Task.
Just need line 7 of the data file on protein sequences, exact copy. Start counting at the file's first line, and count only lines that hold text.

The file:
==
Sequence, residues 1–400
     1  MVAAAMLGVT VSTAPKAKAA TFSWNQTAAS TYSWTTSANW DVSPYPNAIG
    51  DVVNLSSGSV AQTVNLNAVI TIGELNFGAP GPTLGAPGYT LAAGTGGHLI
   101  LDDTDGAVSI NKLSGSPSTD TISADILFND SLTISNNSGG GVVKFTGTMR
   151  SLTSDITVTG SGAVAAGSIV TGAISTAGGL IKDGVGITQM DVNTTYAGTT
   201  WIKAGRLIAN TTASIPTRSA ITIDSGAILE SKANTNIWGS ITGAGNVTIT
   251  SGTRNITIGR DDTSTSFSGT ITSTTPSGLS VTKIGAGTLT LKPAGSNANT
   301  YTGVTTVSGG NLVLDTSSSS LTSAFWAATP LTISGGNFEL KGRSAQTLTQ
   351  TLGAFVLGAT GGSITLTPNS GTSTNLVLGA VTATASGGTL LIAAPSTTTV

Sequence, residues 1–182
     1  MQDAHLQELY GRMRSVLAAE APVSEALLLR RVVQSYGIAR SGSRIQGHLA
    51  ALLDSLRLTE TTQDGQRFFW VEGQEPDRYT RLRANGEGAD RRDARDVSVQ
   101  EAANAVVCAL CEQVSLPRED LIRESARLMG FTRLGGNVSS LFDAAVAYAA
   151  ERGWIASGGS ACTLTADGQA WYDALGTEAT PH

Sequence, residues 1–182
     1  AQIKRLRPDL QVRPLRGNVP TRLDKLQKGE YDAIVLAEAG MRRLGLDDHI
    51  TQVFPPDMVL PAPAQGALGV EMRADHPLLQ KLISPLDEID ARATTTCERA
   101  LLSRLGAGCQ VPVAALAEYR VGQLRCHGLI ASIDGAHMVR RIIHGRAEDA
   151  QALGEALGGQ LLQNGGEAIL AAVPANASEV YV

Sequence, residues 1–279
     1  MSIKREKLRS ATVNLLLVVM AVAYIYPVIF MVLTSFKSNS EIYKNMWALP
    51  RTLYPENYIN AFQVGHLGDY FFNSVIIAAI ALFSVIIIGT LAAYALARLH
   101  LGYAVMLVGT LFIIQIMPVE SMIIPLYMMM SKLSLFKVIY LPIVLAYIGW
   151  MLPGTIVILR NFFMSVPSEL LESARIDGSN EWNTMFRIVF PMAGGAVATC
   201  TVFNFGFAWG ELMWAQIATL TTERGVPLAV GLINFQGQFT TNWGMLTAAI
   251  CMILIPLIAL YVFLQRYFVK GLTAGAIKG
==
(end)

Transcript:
   251  SGTRNITIGR DDTSTSFSGT ITSTTPSGLS VTKIGAGTLT LKPAGSNANT